A next-generation endpoint security solution should be cloud-based, and should use real-time machine learning to continuously monitor and adapt each endpoint’s threat detection, protection, and prevention. Comprehensive endpoint security tools defend both physical and virtual devices and their users against modern, multi-vector threats. Ideally, it would use behavioral objectives to analyze files and executables in real time, proactively and predictively stopping threats. In this way, a next-gen solution offers significantly more effective protection than more traditional, reactive endpoint security solutions.
RMM Enrollment Tool
Remote monitoring and management (RMM) software is used for network management and asset monitoring for IT systems. These tools provide visibility over connected endpoints, actions taken, and network performance. They are used in IT departments to ensure remotely connected IT assets are standardized, performing optimally, and operating in accordance with standards. RMM tools typically come with features that allow IT professionals to track issues, monitor systems, allocate tasks, and automate maintenance jobs.
RMM software can help businesses gain insight into the performance, health, and status of their various IT assets. They can also help IT professionals discover new assets, detect issues and resolve them remotely. With properly maintained remote monitoring, businesses will improve both network performance and network security.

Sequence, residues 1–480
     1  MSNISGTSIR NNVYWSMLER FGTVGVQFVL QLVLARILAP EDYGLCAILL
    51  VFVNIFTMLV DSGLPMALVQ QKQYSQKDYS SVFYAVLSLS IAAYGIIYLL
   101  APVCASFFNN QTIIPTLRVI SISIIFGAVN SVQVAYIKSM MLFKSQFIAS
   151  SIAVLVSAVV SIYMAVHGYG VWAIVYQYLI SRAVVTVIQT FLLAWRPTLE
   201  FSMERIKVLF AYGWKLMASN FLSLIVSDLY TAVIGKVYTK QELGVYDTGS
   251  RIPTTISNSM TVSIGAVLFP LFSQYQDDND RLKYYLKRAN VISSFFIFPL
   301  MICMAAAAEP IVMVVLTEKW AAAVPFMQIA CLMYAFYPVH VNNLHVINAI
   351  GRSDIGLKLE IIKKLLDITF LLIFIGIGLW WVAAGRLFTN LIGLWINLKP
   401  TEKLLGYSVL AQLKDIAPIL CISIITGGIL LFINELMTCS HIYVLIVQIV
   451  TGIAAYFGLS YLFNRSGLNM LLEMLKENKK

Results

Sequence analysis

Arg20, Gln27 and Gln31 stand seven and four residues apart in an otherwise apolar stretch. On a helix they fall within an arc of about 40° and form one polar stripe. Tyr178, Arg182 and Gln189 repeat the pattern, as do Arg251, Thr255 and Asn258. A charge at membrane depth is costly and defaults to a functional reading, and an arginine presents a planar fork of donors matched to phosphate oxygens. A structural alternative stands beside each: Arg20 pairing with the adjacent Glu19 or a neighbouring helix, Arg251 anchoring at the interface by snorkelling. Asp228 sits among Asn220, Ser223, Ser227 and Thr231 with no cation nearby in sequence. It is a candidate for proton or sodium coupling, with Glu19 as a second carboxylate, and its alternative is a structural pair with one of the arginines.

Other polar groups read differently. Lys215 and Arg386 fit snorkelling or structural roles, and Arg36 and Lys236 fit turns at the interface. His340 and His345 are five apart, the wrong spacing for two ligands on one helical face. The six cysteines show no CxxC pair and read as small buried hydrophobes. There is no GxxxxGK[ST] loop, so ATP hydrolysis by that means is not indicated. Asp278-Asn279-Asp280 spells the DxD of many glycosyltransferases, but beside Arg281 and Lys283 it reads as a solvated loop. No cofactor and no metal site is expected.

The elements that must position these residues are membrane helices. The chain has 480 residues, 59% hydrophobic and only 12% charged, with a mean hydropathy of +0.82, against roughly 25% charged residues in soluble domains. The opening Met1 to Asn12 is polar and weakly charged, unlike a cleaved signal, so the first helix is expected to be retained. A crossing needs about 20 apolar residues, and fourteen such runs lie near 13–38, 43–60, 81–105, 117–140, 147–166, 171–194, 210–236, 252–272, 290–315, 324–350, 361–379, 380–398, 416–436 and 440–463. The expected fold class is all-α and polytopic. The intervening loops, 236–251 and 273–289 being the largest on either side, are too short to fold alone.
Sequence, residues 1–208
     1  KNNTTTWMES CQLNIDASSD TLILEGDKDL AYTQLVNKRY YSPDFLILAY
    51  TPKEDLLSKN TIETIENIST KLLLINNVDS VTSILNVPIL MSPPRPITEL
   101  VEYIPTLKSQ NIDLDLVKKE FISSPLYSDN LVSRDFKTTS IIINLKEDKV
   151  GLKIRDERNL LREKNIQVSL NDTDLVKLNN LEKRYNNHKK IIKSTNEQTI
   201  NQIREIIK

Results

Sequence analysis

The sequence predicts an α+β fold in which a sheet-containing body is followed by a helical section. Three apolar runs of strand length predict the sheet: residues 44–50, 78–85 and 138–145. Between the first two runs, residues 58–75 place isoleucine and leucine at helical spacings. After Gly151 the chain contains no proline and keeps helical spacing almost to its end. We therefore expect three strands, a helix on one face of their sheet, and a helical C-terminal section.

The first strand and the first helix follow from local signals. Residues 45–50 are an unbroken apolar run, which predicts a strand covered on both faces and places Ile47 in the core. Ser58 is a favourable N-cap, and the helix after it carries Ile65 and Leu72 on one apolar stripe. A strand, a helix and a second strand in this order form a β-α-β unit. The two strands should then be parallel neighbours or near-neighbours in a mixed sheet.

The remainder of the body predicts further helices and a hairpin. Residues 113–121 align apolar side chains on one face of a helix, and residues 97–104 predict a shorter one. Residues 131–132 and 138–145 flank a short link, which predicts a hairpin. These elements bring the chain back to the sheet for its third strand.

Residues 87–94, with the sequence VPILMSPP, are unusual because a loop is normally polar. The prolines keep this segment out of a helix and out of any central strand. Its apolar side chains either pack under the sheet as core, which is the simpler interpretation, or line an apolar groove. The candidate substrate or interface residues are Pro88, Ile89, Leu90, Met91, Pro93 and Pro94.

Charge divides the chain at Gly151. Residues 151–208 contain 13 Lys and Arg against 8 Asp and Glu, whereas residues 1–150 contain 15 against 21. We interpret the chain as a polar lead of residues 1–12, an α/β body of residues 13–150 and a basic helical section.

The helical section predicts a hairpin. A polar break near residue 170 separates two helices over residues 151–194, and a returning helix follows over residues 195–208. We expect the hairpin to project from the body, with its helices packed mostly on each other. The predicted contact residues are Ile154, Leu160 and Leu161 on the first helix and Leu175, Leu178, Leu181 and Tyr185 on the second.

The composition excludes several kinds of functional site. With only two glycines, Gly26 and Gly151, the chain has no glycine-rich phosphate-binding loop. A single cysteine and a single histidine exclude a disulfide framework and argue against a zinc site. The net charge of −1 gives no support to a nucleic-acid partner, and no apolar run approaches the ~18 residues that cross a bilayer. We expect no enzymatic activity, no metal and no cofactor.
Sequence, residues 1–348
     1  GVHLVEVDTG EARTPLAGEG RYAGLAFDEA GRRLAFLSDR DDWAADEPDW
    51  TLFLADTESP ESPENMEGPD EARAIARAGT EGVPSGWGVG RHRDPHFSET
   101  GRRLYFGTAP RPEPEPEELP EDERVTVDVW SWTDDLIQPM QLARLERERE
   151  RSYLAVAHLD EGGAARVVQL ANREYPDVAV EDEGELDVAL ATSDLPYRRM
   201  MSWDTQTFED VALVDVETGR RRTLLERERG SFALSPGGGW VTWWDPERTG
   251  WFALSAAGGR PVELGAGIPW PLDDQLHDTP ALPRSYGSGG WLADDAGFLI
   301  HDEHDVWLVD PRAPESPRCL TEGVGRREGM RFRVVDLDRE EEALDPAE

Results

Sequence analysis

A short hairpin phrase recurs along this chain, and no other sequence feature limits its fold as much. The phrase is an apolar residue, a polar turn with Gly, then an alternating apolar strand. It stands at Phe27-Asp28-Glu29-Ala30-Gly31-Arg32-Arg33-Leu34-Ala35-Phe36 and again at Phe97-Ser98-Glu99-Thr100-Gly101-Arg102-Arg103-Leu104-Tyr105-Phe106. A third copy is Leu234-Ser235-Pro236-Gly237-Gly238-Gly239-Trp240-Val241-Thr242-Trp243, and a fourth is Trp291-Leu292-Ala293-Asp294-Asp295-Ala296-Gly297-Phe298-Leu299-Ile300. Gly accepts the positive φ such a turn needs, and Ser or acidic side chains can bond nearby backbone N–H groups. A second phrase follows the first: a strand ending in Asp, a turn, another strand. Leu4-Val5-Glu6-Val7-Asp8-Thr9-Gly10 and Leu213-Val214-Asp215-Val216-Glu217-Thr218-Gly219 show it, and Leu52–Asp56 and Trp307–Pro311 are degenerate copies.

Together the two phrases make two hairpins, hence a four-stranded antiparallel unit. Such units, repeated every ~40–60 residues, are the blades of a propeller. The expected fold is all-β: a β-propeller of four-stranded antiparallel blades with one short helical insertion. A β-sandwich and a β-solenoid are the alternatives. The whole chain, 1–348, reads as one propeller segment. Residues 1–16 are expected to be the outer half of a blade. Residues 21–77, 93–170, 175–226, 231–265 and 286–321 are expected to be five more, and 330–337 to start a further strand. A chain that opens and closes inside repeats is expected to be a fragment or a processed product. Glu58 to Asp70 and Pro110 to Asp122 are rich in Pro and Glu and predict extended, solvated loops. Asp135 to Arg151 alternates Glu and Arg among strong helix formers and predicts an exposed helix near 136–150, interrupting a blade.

To be effective in the RMM category, a product should monitor IT assets including endpoints, computers, and applications, monitor network performance, security and availability, discover and track IT-related issues and allow remote administrators to access endpoints.
Patch Management Policy
A Patch Management Policy is very important to have in any business and not used enough. It is basically a set of steps and procedures aimed towards managing and mitigating vulnerabilities in your environment through a regular and well-documented patching process. A patch management policy lists the guidelines and requirements for the proper management of vulnerabilities and involves various phases such as testing, deploying, and documenting the security patches applied to your organization’s endpoints. A vulnerability appears when a released software’s code is flawed, which means that malicious actors may exploit it. Every time a vulnerability is discovered, it may publicly be disclosed or not.
The key to patching efficiency is putting the right people in charge, who will be able to properly handle patch management-related aspects. Everyone on the team should have clearly defined roles and responsibilities, all parties involved must know exactly who owns which process. The main aspect that you should keep in mind is to never let your users take care of the patching themselves.
Enforcing a proper patch management policy will save you time and money and highly decrease security issues. As automatic patch management systems install patches periodically, they will eliminate the manual components of patch management. Also, it will ensure the software flaws are detected as soon as they are discovered, and that they can be quickly patched.
Harden Your System
System hardening is the process of securing a server or computer system by minimizing its attack surface, or surface of vulnerability, and potential attack vectors. It’s a form of cyberattack protection that involves closing system loopholes that cyber attackers frequently use to exploit the system and gain access to users’ sensitive data.
Part of the system hardening elimination process involves deleting or disabling needless system applications, permissions, ports, user accounts, and other features so that attackers have fewer opportunities to gain access to a mission-critical or critical-infrastructure computer system’s sensitive information.
System hardening involves securing not only a computer’s software applications, including the operating system, but also its firmware, databases, networks, and other critical elements of a given computer system that an attacker could exploit.